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Homework Help: Solving a definite integral without integrating

  1. Apr 12, 2010 #1
    Orthonormal basis [tex]\big(\frac{1}{\sqrt{2}}, cos(2x)\big)[/tex]

    [tex]\pi \int_{-\pi}^{\pi} sin^4(x)dx=\frac{3\pi}{4}[/tex]

    Solve the integral with out integrating.

    [tex]sin^4(x)=\big[\frac{1-cos(2x)}{2}\big]^2=\frac{1}{4} - \frac{2cos(2x)}{4} + \frac{cos^2(2x)}{4}[/tex]

    I know I could rewrite [tex]cos^2(2x)[/tex] but then I have a 4x but for the test basis cos 4x is not included.

    I couldn't answer it so can someone post the step by step answer so I can see why I couldn't do it?
     
    Last edited: Apr 12, 2010
  2. jcsd
  3. Apr 12, 2010 #2

    Mark44

    Staff: Mentor

    Edit: Changed the values of the inner products.
    You need to think of this integral as an inner product. Since your basis is orthonormal, <1/sqrt(2), 1/sqrt(2)> = 1 and <cos(2x), cos(2x)> = 1, while <1/sqrt(2), cos(2x)> = 0.

    Rewrite the integrand as sin^2(x) sin^2(x) = ((1/2)(1 - cos(2x))^2, and expand this, then look at the individual products as described in the previous paragraph.
     
    Last edited: Apr 12, 2010
  4. Apr 12, 2010 #3
    What does that line mean?
     
  5. Apr 12, 2010 #4
    I think you've made a typo - shouldn't your 0s and 1s be the other way round?
     
  6. Apr 12, 2010 #5

    Mark44

    Staff: Mentor

    Good catch! Apparently my fingers got disconnected from my brain. I went back and edited what I wrote.
     
  7. Apr 12, 2010 #6
    An orthonormal basis is a set of mutually orthogonal unit vectors that span the vector space.
     
  8. Apr 12, 2010 #7

    Mark44

    Staff: Mentor

    And the context here is apparently an inner product space with {1/sqrt(2), cos(2x)} as an orthonormal basis and the inner product defined as follows:
    [tex]<f, g> = \int_{-\pi}^{\pi} fg~dx[/tex]

    Dustin, it would have been helpful to include this information as part of the complete problem description or relevant equations.
     
  9. Apr 12, 2010 #8
    [tex]\pi*\big[\frac{1}{2}-\frac{cos(2x)}{2}\big]^2[/tex]

    [tex]\pi*\big[\frac{1}{\sqrt{2}} * \frac{1}{\sqrt{2}}-\frac{cos(2x)}{2}\big]^2[/tex]

    [tex]\pi*\big[\frac{1}{\sqrt{2}}-\frac{1}{2}\big]^2=\pi*[\frac{2-\sqrt{2}}{2\sqrt{2}}]^2[/tex]

    [tex]\pi*\big[\frac{3-\sqrt{2}}{4}\big]\neq\frac{3\pi}{4}[/tex]

    Why didn't this work?
     
    Last edited: Apr 12, 2010
  10. Apr 12, 2010 #9
    We didn't need to prove that [tex]\big(\frac{1}{\sqrt{2}},cos(2x)}\big)[/tex] was an orthonormal basis.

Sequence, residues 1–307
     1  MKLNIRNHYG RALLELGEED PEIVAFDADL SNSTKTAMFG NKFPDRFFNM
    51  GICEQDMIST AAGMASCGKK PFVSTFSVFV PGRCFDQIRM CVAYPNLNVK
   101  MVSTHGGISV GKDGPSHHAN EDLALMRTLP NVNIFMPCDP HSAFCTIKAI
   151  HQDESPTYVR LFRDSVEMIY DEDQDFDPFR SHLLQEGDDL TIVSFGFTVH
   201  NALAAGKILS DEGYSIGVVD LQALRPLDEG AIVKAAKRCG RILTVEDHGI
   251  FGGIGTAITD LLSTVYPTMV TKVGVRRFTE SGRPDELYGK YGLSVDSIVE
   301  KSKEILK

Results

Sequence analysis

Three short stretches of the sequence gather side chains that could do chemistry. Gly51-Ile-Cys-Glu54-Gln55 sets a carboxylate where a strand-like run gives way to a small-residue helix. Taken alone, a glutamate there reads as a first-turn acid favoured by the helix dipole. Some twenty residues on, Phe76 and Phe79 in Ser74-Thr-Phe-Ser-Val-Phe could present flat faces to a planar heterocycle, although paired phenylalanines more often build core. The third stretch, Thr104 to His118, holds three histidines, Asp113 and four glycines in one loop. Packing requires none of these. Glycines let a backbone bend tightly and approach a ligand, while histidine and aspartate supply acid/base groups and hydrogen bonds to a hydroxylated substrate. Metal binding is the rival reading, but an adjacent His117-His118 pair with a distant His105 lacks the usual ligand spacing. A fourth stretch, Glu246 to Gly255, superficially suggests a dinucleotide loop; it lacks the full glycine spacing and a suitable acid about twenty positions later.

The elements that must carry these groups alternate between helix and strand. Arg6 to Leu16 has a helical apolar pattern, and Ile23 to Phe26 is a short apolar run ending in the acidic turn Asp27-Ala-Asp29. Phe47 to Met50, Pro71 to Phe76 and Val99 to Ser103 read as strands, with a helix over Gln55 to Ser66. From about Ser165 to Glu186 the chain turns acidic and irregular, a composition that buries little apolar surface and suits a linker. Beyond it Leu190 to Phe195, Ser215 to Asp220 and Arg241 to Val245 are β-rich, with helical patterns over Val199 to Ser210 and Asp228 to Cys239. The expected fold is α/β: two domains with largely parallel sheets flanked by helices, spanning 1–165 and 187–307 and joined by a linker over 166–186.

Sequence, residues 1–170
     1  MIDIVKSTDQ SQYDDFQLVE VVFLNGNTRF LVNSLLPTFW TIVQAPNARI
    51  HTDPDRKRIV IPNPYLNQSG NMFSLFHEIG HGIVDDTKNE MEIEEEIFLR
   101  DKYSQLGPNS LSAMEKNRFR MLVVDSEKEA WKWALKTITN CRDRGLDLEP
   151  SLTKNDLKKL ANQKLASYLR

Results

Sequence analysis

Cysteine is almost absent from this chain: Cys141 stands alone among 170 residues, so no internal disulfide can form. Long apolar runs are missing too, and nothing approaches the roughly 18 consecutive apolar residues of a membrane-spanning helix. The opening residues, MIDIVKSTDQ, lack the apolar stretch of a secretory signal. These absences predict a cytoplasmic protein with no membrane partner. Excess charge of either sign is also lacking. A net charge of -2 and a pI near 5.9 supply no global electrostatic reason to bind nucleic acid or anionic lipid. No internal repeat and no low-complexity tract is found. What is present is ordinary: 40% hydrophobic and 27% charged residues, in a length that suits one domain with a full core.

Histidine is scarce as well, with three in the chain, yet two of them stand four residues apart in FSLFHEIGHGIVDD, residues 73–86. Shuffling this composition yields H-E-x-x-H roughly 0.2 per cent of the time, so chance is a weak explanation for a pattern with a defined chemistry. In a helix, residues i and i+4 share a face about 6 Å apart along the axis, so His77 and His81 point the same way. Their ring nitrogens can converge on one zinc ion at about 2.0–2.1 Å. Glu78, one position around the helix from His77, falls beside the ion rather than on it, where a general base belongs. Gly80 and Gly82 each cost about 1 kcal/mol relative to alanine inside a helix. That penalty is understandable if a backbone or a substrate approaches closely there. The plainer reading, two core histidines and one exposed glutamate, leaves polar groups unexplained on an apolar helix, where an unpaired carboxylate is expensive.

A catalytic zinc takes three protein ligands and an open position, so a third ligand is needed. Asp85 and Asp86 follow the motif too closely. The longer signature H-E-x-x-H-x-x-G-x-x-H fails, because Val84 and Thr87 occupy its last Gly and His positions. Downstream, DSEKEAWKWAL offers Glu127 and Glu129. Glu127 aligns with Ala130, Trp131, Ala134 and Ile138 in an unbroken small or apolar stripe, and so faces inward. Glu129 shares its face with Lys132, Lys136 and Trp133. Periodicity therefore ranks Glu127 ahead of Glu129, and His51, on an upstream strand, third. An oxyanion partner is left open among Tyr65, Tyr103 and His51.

This is a standard orthonormal basis [tex]\big(\frac{1}{\sqrt{2}},cos(x),cos(2x),...,cos(nx),...sin(x),sin(2x),...,sin(nx)\big)[/tex]
     
  11. Apr 12, 2010 #10

    Mark44

    Staff: Mentor

    For starters, sin2(x) [itex]\neq[/itex] (1/2)(1 + cos(2x))

    Second, is there any connection between any of the lines above and the one below it? Is there any connection between what you have here and the problem you're trying to solve?

    Third, are you trying to convince us that cos(2x) = 1? (see third line) That's not true.

    Fourth, is there any connection between the work above and the integral in your first post?

    Fifth, is there any connection between your orthogonal basis and what you have here?
     
    Last edited: Apr 12, 2010
  12. Apr 12, 2010 #11
    Typo. I know sin^2 is the negative.
     
  13. Apr 12, 2010 #12

    Mark44

    Staff: Mentor

    Nor am I asking you to prove it, just follow SOP for the forum by including information that might be relevant in the problem, such as the fact that the integral represents the inner product.
     
  14. Apr 12, 2010 #13
    I am still at the problem that after taking the coefficients and doing the arithmetic the answer wasn't correct.
     
  15. Apr 12, 2010 #14

    Mark44

    Staff: Mentor

    In post 8 you asked why what you did didn't work. I gave you 5 reasons. If you have any specific questions about any of them, fire away.
     
  16. Apr 12, 2010 #15
    I changed the (+) to (-). I took the coefficients, subtracted, and then squared which should be the correct answer.

    I have done this many of times and I obtained the correct answer but I can't this one to work.
     
  17. Apr 12, 2010 #16

    Mark44

    Staff: Mentor

    Did you not see these?


    You seem to be under the (false) impression that you are supposed to simplify the following expression. That is NOT what this problem is about, and even so, you have a mistake in that work (my third point above).
    [tex]\pi*\big[\frac{1}{2} - \frac{cos(2x)}{2}\big]^2[/tex]
     
  18. Apr 12, 2010 #17
    How should it be worked it if it shouldn't be simplified?
     
  19. Apr 12, 2010 #18

    Mark44

    Staff: Mentor

    What is the problem you are trying to solve? If you don't remember, go back to your first post.
     
  20. Apr 12, 2010 #19
    The integral of sin^4
     
  21. Apr 12, 2010 #20

    gabbagabbahey

    User Avatar
    Homework Helper
    Gold Member

    You've already correctly said that [itex]\sin^4(x)=\frac{1}{4}-\frac{\cos(2x)}{2}+\frac{\cos^2(2x)}{4}[/itex], so now you have

    [tex]\begin{aligned}\int_{-\pi}^{\pi}\sin^4(x)dx &=\int_{-\pi}^{\pi}\left(\frac{1}{4}-\frac{\cos(2x)}{2}+\frac{\cos^2(2x)}{4}\right)dx \\ &= \int_{-\pi}^{\pi}\frac{1}{4}dx-\int_{-\pi}^{\pi}\frac{\cos(2x)}{2}dx+\int_{-\pi}^{\pi}\frac{\cos^2(2x)}{4}dx\end{aligned}[/tex]

    Now, compare these integrals to the inner products that you know. For example, the first one is [itex]1/2[/itex] times the inner product of [itex]\frac{1}{\sqrt{2}}[/itex] with itself; which gives you [itex]\frac{\pi}{2}[/itex]...how about the second one?...And the third?
     
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